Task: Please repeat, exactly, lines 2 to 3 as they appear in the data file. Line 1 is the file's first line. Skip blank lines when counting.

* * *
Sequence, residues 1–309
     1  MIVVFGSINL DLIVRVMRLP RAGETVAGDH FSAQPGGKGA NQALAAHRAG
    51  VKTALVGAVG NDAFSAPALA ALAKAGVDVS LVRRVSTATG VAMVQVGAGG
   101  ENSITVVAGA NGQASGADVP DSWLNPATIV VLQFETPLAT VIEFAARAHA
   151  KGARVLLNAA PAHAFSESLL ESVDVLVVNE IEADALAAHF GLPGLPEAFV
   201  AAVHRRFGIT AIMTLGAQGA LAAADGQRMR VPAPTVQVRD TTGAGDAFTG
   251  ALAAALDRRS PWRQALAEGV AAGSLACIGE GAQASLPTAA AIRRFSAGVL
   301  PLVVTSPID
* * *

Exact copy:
     1  MIVVFGSINL DLIVRVMRLP RAGETVAGDH FSAQPGGKGA NQALAAHRAG
    51  VKTALVGAVG NDAFSAPALA ALAKAGVDVS LVRRVSTATG VAMVQVGAGG